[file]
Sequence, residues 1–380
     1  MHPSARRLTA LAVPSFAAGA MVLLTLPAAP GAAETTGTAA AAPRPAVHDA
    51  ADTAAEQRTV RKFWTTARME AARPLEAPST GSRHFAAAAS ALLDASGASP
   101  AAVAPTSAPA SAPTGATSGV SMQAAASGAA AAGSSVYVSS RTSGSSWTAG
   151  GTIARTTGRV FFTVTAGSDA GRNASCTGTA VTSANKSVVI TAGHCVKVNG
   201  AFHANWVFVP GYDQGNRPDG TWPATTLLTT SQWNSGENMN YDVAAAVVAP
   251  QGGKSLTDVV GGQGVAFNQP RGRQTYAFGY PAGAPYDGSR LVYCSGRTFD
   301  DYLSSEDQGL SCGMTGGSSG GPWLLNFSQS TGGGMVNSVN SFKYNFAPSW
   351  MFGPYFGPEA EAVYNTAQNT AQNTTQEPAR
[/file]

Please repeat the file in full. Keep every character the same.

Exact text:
Sequence, residues 1–380
     1  MHPSARRLTA LAVPSFAAGA MVLLTLPAAP GAAETTGTAA AAPRPAVHDA
    51  ADTAAEQRTV RKFWTTARME AARPLEAPST GSRHFAAAAS ALLDASGASP
   101  AAVAPTSAPA SAPTGATSGV SMQAAASGAA AAGSSVYVSS RTSGSSWTAG
   151  GTIARTTGRV FFTVTAGSDA GRNASCTGTA VTSANKSVVI TAGHCVKVNG
   201  AFHANWVFVP GYDQGNRPDG TWPATTLLTT SQWNSGENMN YDVAAAVVAP
   251  QGGKSLTDVV GGQGVAFNQP RGRQTYAFGY PAGAPYDGSR LVYCSGRTFD
   301  DYLSSEDQGL SCGMTGGSSG GPWLLNFSQS TGGGMVNSVN SFKYNFAPSW
   351  MFGPYFGPEA EAVYNTAQNT AQNTTQEPAR